Who is abortion law campaigner Heidi Crowter?
HEIDI Crowter has Down’s syndrome and is also an abortion law campaigner.
She, along with two other claimants, though have lost their legal battle against the government.
Who is abortion law campaigner Heidi Crowter?
Heidi Crowter, 26, from Coventry, had taken her battle with the Department of Health and Social Care to the High Court, claiming the 1967 Abortion Act did not respect her life.
She lives independently and recently got married to James Carter, 28, according to the PA news agency.
What is Heidi Crowter's abortion law case?
Crowter and the other claimants wanted to have a section of the Abortion Act removed.
Under the legislation, abortions in England, Scotland and Wales are permitted within the first 24 weeks of pregnancy.
But the Act allows for abortions to take place up until birth if there is “a substantial risk that if the child were born it would suffer from such physical or mental abnormalities as to be seriously handicapped”, which includes Down’s syndrome.
Lawyers for the Down’s syndrome campaigners argued in a two-day High Court hearing in July argued the law is unlawfully discriminatory and incompatible with the European Convention on Human Rights.
Crowter, speaking outside court at the time of the hearing said: “I am someone who has Down’s syndrome and I find it extremely offensive that a law doesn’t respect my life, and I won’t stand for it.
“I want to change the law and I want to challenge people’s perception of Down’s syndrome. I want them to look at me and say ‘this is just a normal person’.
“That’s what this is about. It’s about telling people that we’re just humans with feelings.”
Surrounded by supporters outside the court in central London, she added: “When Wilberforce wanted to change the law on slavery, he didn’t give up, even when events didn’t always go his way.
“And when the going got tough, he kept going, and I’m going to do the same, because I want to succeed in changing the law to stop babies like me… being aborted up to birth, because it's downright discrimination.”
Another claimant in the case, Maire Lea-Wilson, 33, whose son Aidan has Down’s syndrome said: “I was 34 weeks pregnant when I discovered Aidan had Down’s syndrome, and I was asked if I wanted to terminate the pregnancy, in the context of a lot of medically biased information, and my own grief, three times.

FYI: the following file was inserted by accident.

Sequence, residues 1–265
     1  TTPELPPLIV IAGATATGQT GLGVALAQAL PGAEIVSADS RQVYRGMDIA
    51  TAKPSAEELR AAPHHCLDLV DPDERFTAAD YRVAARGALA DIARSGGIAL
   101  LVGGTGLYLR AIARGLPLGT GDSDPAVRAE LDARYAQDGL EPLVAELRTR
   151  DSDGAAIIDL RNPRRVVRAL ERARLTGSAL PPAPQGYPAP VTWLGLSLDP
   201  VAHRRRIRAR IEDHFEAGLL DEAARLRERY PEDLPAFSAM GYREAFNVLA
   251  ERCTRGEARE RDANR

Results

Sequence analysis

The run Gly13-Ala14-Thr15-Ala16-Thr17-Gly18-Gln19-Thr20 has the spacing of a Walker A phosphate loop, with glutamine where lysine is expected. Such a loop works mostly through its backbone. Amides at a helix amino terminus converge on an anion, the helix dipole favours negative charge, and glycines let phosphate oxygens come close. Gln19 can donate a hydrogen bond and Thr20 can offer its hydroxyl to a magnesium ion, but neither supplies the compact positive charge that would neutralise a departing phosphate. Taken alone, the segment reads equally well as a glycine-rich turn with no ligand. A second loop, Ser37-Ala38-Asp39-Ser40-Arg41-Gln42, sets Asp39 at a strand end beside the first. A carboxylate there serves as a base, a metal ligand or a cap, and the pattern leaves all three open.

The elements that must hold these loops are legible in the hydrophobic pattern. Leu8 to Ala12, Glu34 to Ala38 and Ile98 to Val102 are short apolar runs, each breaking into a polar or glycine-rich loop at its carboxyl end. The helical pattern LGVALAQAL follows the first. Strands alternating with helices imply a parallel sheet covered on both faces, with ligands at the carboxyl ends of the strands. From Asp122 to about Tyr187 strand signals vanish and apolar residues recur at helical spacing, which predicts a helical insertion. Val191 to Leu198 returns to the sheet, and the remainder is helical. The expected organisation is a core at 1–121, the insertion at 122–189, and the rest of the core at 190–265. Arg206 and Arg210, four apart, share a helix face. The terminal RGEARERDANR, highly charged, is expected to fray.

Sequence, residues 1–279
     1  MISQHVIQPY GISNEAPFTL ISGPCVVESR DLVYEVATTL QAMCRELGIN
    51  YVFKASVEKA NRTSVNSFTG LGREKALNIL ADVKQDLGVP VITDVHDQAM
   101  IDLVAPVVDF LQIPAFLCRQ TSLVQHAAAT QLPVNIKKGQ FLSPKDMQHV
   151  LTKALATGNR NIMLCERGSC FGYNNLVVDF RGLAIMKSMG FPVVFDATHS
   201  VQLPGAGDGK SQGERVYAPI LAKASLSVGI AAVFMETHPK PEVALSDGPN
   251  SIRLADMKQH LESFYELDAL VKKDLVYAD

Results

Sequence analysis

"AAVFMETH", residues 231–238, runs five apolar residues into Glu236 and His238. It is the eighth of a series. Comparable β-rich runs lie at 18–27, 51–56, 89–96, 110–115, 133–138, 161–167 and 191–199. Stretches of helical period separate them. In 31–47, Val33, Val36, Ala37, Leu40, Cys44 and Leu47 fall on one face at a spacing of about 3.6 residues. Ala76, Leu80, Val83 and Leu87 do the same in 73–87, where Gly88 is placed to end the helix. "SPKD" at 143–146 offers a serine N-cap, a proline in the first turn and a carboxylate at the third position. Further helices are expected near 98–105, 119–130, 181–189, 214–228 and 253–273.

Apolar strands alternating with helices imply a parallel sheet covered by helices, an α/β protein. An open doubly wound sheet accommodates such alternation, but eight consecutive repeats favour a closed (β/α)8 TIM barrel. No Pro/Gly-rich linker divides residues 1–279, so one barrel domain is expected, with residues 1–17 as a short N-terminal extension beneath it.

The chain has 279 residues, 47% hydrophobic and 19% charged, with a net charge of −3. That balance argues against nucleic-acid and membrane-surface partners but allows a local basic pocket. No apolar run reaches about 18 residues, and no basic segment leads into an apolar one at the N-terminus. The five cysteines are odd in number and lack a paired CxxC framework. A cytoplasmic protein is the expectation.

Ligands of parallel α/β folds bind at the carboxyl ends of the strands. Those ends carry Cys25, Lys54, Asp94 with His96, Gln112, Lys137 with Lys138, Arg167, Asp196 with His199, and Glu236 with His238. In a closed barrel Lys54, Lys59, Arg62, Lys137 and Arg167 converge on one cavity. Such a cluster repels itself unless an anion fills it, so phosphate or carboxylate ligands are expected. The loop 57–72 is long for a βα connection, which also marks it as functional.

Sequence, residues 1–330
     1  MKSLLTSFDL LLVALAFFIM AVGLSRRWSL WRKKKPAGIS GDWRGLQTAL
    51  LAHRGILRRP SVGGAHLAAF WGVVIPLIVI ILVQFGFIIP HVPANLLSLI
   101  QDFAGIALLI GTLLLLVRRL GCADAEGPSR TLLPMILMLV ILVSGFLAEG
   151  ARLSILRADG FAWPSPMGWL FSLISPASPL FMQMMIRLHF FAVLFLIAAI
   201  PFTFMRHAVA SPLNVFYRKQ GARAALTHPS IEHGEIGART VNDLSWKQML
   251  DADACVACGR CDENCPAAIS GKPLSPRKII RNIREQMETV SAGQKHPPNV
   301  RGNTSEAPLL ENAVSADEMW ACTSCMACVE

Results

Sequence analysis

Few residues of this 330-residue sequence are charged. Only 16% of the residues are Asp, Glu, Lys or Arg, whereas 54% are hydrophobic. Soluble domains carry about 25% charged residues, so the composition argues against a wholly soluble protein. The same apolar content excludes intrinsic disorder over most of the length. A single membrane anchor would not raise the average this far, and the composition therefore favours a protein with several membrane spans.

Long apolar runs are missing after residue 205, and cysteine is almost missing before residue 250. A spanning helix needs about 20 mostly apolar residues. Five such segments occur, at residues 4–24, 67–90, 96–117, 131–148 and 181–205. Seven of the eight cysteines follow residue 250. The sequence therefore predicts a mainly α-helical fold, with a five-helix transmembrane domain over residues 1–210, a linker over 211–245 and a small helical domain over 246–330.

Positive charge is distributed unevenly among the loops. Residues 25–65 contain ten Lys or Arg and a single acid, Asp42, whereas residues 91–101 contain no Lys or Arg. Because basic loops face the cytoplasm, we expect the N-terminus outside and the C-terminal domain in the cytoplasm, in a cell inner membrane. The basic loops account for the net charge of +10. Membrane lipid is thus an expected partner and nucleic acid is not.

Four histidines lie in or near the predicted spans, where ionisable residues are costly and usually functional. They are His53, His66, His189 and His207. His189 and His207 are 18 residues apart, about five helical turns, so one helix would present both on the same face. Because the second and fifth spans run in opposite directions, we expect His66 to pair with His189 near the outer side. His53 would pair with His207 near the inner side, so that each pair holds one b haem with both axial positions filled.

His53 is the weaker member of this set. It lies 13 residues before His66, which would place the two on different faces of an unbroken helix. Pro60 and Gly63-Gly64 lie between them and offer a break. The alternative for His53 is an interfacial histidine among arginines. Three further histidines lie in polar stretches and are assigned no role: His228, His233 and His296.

“The last time I was asked to terminate the pregnancy was two days before he was born.”
What has happened in court?
The legal challenge was rejected by Lord Justice Singh and Mrs Justice Lieven in a ruling handed out on September 23, 2021.
They ruled the law was not unlawful and aimed to strike a balance between the rights of the unborn child and of women.
Lord Justice Singh and Mrs Justice Lieven said: “The evidence before the court powerfully shows that there will be some families who positively wish to have a child, even knowing that it will be born with severe disabilities.
“But the evidence is also clear that not every family will react in that way. As it was put on behalf of the defendant, the ability of families to provide a disabled child with a nurturing and supportive environment will vary significantly.
“The evidence is also clear that, although scientific developments have improved and earlier identification may be feasible, there are still conditions which will only be identified late in a pregnancy, after 24 weeks.”
Speaking after the ruling Crowter said: "I am really upset not to win but the fight is not over.
"The judges might not think it discriminates against me, the Government might not think it discriminates against me, but I am telling you that I do feel discriminated against… and the verdict doesn't change how I and thousands in the Down's syndrome community feel.
"We face discrimination every day in schools, in the workplace and in society.
"And now, thanks to this verdict, the judges have upheld discrimination in the womb too.
"This is a very sad day but I will keep fighting.
"I am not giving up. Let's do this."
The claimants’ lawyer, Paul Conrathe, a solicitor at Sinclairslaw, said his clients intend to appeal the decision.
He said: “The judgment fails to recognise the damaging impact UK abortion legislation has upon the mental health and wellbeing of people with Down’s syndrome.
“By allowing babies with Down’s syndrome to be aborted up to birth, unlike neurotypical babies, the law sends a powerful message that the lives of people with Down’s syndrome are of lesser value."
Lynn Murray, spokesperson for campaign group Don't Screen Us Out and mother of Rachel, who has Down's syndrome, said: "It's inspiring to see that Heidi and Maire are now planning on taking this case to the Court of Appeal."
She added: "The provision in the Abortion Act harks back to a time when we thought it was better for people with disabilities not to be part of our society.
"We're a far more progressive society now, we realise that diversity is healthy, and all of our laws should reflect that."
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